Zelos Watches is a recent Singaporean brand founded in 2014 by watch enthusiast Elshan Tang. More than twenty models have been produced in this short time, including over 100 different colourways. The brand has a surprising amount of innovations and industry firsts, such as the use of Timascus (lightweight, non-magnetic and corrosion-resistant titanium alloy) and meteorite watch bezels. The Zelos Mirage 2 Eight-Day Skeleton, a follow-up to a limited edition tourbillon series, features exotic case materials and a custom Swiss movement from La Joux-Perret. And prices are reasonable to boot.
Case dimensions are 42mm in diameter and 13mm in height (48mm lug-to-lug), and water-resistance is rated at 50 metres. There’s a bit of a turbine theme that starts with angled knurling on the tapered crown. All models have sapphire crystals front and back with interior anti-reflective coatings. The dial itself is also sapphire, creating a floating effect with the hands, indices and sub-dials (hence the name, Mirage). It reminds me a bit of the Dietrich SD-1 Skin Diver. The applied Arabic numerals and indices have Super-LumiNova inserts along with the partially openworked hour and minute hands. A sub-dial at 12 o’clock displays the power reserve, and the small seconds are at 6 o’clock. That power reserve indicator shows a full eight days, made possible by twin barrels visible at 1 and 9 o’clock. The barrels are also designed to resembled turbines, continuing the theme. The four case materials, however, are what really steal the show.
Case Options for the Zelos Mirage 2
Titanium with brushed and sandblasted surfaces, including a matching five-link titanium bracelet. The metal has been hardened to 1,200 Vickers for superior scratch resistance – that’s five times harder than regular titanium – and has a natural titanium colour.
Zirc/Ti Damascus is made by combining titanium and zirconium to form unique patterns. The metals are repeatedly folded together and forged to create a wood grain-type pattern, not unlike those on traditional Samurai swords (from Damascus steel). Additional hand-torching brings out unique colours. Patterns included blue Zirc/Ti with blue titanium and black zirconium, creating an almost iridescent aesthetic, and yellow Zirc/Ti with streaks of dark grey zirconium and natural titanium. Zelos is the first to use this for watch cases.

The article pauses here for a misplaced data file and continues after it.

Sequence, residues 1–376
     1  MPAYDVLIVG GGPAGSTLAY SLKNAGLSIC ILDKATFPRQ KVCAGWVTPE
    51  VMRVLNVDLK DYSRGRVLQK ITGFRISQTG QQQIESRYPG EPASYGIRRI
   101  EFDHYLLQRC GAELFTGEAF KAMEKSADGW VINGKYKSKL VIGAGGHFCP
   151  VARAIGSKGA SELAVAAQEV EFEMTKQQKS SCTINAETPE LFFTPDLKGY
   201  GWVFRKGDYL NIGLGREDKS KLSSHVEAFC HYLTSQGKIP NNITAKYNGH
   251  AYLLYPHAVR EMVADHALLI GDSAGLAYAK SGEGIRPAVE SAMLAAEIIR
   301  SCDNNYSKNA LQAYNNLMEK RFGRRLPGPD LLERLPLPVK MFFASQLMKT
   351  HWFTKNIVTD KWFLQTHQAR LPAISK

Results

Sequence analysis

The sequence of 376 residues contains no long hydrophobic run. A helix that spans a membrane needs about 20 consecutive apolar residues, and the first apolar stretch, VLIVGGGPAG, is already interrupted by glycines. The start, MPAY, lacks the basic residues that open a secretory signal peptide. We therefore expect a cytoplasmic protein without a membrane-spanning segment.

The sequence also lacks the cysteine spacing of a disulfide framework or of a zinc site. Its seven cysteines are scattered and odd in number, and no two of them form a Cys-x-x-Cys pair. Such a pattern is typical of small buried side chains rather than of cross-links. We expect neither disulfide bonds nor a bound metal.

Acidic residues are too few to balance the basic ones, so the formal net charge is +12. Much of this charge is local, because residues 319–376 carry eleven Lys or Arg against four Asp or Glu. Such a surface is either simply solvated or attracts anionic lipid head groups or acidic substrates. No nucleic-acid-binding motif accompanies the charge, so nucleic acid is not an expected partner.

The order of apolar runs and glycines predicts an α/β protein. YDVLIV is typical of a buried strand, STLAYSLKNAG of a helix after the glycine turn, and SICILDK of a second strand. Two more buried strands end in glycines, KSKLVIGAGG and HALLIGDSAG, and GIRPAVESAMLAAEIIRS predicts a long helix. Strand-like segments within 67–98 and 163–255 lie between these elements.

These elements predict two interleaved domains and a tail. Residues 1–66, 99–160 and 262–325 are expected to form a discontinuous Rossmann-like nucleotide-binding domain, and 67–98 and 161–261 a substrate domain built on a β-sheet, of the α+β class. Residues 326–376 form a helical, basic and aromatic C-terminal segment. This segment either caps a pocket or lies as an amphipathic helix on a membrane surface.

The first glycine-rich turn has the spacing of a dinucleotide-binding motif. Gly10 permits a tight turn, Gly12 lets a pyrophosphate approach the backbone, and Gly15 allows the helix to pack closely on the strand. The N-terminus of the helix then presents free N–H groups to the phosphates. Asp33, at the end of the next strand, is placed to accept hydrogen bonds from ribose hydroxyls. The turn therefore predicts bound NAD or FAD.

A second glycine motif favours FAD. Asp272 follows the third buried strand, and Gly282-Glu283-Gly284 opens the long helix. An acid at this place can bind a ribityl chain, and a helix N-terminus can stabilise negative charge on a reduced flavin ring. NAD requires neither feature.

Tantalum is a dense, rare metal commonly used for medical applications and capacitors. It’s hypoallergenic and very corrosion resistant with a blue/grey hue. However, the metal is rarely used for watch cases as it’s expensive and difficult to machine (photo not yet available).
Sapphire is rarely used for entire cases, and Zelos is one of only a handful of brands to attempt it. The skeletonized movement in the Mirage 2 is on full display from all angles, and diamond-tipped cutters and painstaking polishing are required for this tricky production (photo not yet available).
A powerful Swiss movement
The hand-wound skeletonized movement is supplied by La Joux-Perret and based on the LJP7500 calibre. It has simple yet eye-catching finishings with curved graining and black PVD mainplates. La Joux-Perret was founded in the 1990s in La Chaux-de-Fonds and manufactures high-end movements with advanced complications and tourbillons (recently became a subsidiary of Citizen Group in Japan). The calibre in the Mirage 2 has 33 jewels, beats at 21,600vph (3Hz), with a sizable eight-day power reserve. Functions include central hours and minutes, small seconds and power reserve indicator.
Availability & Price
The Zelos Mirage 2 series is limited to either 25 or 50 watches (depending on the material) and will be available from the 10th of June at www.zeloswatches.com. Orders start at 11pm Singapore time (4pm in London and 11am in New York) and may sell out quickly. Prices are accessible for such a unique collection – USD 3,900 for titanium, USD 4,900 for Zirc/Ti Damascus and Tantalum, and USD 8,900 for all sapphire. For more information, visit the Zelos website.
Sponsored Post: This article has been made in partnership with Zelos. However, it reflects the writer’s opinion and has been written according to MONOCHROME’s editorial policy.